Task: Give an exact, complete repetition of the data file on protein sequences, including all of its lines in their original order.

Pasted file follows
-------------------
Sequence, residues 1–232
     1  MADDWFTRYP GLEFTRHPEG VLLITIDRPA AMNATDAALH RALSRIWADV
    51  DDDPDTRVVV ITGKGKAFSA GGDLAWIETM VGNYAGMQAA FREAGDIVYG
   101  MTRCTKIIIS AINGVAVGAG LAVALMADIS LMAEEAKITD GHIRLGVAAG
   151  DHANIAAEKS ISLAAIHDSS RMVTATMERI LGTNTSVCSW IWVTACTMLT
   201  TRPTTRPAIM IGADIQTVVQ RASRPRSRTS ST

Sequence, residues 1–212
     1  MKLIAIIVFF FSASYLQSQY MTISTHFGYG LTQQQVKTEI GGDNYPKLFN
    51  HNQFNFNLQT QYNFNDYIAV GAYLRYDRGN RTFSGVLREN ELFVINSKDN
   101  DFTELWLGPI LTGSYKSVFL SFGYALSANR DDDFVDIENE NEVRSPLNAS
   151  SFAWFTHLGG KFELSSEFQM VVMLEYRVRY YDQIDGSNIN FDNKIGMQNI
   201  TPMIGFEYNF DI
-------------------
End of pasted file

Sequence, residues 1–232
     1  MADDWFTRYP GLEFTRHPEG VLLITIDRPA AMNATDAALH RALSRIWADV
    51  DDDPDTRVVV ITGKGKAFSA GGDLAWIETM VGNYAGMQAA FREAGDIVYG
   101  MTRCTKIIIS AINGVAVGAG LAVALMADIS LMAEEAKITD GHIRLGVAAG
   151  DHANIAAEKS ISLAAIHDSS RMVTATMERI LGTNTSVCSW IWVTACTMLT
   201  TRPTTRPAIM IGADIQTVVQ RASRPRSRTS ST

Sequence, residues 1–212
     1  MKLIAIIVFF FSASYLQSQY MTISTHFGYG LTQQQVKTEI GGDNYPKLFN
    51  HNQFNFNLQT QYNFNDYIAV GAYLRYDRGN RTFSGVLREN ELFVINSKDN
   101  DFTELWLGPI LTGSYKSVFL SFGYALSANR DDDFVDIENE NEVRSPLNAS
   151  SFAWFTHLGG KFELSSEFQM VVMLEYRVRY YDQIDGSNIN FDNKIGMQNI
   201  TPMIGFEYNF DI